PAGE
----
30 Years of Changes in EducationBy Richard Myers
The group had a guest speaker, Brian Biery, Adjunct Professor at Pacific Oaks College and local historian. The video presentation about 30 years of change in education was recorded and the link is available on the Pasadena Village YouTube channel. As with previous conversations with Brian Biery the exchange was lively and deeply personal at times.
The meeting began with an exploration of the state of education in the United States. Mr. Biery reminded attendees that understanding the history of education is an ongoing process. With current research impacting an understanding of the effects of decisions in the present day. Mr. Biery reminded attendees that the experiences in Pasadena were similar to other cities at the same time. He suggested considering effects on the present and influences on the future. He asked that individuals consider how they were connected to public education and how the Village might be or develop relationships to the local school district and families and agencies serving the school district.
Mr. Biery next reviewed the historical elements of segregation in Pasadena, it's foundation in real estate inequity and early people and organizations attempting to make change. He pointed out that for many, Pasadena was assumed to be a progressive and inclusive community. This was not necessarily true over time.
The group then explored the role of public education in a democratic society. The attendees suggested public schools support democracy which depends on an educated populace. This prompted a discussion on who defines the content of that education and how it forms the basis for an informed voter.
The group next shared individual stories of their own education experiences and concepts they had about public schools. Some participants attended public schools solely, many reported a combination of public and private school attendance. Some shared a belief on the part of their families that public schools provided a lesser educational program than other options.
The group was asked to reflect on the question "what was life like in Pasadena for students?". Many shared that when students in a neighborhood attended school together they developed circles of friends in the neighborhood. Today there are many public school options, such as magnet schools or schools of choice, which reduces the sense of neighborhood community. Rather students have circles of friends based on activities at their schools not communities.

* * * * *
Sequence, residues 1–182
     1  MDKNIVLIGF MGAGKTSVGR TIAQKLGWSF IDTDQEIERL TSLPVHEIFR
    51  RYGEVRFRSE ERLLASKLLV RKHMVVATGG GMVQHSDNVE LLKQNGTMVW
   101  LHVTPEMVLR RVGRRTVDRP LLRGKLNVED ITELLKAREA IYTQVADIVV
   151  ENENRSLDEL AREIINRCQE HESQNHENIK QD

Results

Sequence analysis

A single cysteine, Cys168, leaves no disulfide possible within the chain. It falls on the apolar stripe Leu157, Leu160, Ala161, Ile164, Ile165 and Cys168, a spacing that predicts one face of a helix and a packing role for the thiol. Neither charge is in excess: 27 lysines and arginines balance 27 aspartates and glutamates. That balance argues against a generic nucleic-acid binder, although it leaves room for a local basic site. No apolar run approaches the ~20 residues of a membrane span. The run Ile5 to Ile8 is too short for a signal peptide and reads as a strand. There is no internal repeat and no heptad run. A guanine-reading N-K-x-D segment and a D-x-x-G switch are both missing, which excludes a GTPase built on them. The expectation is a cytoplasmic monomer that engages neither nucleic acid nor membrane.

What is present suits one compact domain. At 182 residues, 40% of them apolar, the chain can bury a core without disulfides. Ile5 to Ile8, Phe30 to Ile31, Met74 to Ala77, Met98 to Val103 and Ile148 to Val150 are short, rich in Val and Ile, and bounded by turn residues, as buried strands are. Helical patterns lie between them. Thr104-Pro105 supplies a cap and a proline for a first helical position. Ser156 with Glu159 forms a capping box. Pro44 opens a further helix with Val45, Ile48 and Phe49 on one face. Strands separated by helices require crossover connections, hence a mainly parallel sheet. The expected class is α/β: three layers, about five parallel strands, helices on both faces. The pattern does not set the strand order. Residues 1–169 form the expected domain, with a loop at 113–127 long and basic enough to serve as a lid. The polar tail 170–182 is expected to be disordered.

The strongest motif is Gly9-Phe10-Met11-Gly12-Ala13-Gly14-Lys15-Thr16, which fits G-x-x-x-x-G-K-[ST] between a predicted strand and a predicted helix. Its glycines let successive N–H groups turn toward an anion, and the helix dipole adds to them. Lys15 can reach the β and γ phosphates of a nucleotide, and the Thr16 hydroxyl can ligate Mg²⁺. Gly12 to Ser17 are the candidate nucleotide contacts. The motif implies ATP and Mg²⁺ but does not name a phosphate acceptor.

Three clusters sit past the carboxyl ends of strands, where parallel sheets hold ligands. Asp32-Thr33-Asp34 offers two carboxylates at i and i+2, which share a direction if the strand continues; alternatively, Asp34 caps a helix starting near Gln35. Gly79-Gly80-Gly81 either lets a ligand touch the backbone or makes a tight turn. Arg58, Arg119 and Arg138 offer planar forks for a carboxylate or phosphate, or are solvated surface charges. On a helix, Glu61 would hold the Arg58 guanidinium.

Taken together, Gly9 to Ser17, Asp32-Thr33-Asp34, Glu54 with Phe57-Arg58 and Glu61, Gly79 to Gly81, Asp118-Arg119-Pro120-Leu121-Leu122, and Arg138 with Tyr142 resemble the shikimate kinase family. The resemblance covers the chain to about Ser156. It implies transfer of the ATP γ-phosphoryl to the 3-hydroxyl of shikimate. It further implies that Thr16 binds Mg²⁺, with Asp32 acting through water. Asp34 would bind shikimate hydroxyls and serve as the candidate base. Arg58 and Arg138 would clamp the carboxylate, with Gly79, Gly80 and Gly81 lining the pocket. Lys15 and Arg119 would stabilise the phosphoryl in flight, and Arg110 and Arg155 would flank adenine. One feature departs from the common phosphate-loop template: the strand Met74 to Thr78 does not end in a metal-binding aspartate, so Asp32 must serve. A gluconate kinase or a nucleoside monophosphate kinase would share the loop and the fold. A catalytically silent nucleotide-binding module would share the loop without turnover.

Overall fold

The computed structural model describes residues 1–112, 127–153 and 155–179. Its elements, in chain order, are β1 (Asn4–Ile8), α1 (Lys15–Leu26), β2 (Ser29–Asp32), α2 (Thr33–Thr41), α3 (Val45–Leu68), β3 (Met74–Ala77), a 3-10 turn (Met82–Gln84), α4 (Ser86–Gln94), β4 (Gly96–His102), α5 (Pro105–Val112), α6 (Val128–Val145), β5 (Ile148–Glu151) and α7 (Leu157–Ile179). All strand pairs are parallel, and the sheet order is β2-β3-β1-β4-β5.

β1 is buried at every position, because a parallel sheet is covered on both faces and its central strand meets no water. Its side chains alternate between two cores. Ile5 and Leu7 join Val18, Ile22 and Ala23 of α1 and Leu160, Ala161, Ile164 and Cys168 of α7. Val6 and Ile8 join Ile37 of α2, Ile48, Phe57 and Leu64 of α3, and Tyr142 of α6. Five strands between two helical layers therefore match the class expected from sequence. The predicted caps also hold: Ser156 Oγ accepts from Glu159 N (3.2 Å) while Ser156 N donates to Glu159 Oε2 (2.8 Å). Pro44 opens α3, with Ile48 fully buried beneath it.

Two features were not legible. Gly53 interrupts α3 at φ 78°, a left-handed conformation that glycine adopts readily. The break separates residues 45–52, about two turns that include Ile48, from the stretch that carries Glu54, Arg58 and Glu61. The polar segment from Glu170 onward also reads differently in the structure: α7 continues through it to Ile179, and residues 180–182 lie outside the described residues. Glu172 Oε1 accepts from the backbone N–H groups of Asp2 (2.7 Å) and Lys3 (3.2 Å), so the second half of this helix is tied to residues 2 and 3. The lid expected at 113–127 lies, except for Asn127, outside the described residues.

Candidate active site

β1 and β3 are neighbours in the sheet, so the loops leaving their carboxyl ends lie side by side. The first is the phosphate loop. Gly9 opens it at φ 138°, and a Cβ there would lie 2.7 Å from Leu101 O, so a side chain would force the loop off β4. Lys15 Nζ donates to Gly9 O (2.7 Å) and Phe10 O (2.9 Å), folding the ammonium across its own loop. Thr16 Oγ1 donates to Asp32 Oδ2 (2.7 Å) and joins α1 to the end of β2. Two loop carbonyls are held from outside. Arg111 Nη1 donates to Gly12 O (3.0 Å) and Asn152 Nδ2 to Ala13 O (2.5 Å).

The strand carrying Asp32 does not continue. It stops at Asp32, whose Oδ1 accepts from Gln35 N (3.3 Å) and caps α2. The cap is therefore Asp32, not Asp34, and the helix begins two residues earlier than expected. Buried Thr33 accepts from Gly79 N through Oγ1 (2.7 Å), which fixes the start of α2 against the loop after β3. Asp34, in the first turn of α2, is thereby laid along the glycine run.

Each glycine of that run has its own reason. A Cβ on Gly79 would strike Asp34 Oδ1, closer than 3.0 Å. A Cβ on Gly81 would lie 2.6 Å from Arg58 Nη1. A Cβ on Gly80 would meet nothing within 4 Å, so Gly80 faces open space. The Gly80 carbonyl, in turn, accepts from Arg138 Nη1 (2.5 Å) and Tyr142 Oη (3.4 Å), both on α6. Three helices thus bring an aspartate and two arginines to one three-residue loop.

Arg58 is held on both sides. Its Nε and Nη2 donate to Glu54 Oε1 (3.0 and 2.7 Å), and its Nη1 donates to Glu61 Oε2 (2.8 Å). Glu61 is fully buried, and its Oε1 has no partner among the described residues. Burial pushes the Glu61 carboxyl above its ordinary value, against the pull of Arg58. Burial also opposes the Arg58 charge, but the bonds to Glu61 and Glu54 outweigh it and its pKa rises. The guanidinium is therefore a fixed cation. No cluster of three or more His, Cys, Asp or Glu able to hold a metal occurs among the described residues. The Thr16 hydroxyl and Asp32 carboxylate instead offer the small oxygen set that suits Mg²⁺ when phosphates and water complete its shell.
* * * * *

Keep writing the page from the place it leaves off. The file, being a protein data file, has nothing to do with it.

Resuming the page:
The group then reviewed and reflected on education in Pasadena over the decades. In the 1880s the educational system was one of separation and exclusion. A 1941 study by James Crim of USC was used to demonstrate community attitudes. The study participants were white and many had significant financial resources. 89% of these respondents favored separation by race in schools. The impacts of these historical views were thought to be: overcrowding, lower staffing ratios, poor school facilities and maintenance and less experienced staff.
The attendees then reviewed the 1970 decision by Judge Manuel Real to desegregate Pasadena public schools in 27 days. This decision was the first desegregation order outside of the South. No school was to have a majority minority student population. There was federal intervention in the operation of Pasadena schools to accomplish this task. Students were bussed to achieve the racial balances required at individual school sites. Seven thousand white students, which was 40% of the total school district enrollment, withdrew from the district.
The School Board, at the time, developed an anti-busing platform, opposed federal intervention, banned books, focused on competition rather than cooperation in the operation of the district, teachers were censored, and student dissent was limited. Over time, curriculum focused on the 3 Rs and the development of schools of choice. At the present time, the number of school age children in the city is about 28,000. About half attend public schools. There are 55 private schools in the city and 23 public schools.
The meeting ended with the questions "What is your individual role in supporting the public schools?", and "What is the Village's role?"
The next meeting with be on November 3rd at 10am PST. Sharon Kyle and Dick Price will lead a discussion about Wokeism and Critical Race Theory. Sharon and Dick have long published the award winning newsletter, and have been students of race issues for many years. Sharon and Dick are a and have previously spoken to us in a very engaging presentation about what they have learned from their perspective of being a part of that kind of relationship for many years. Click on the link above to read about the presentation and find the video recording. Both of the terms referenced have two distinct meanings. One is what they refer to when the terms of reference where originally used and an entirely different meaning in the current conversation that dominates the news coverage. Sharon and Dick will be able to help us understand the distinctions. We expect another exciting conversation and we look forward to having you join us. Click here to register for the event. You do not have to be a Villager to attend, we welcome guests.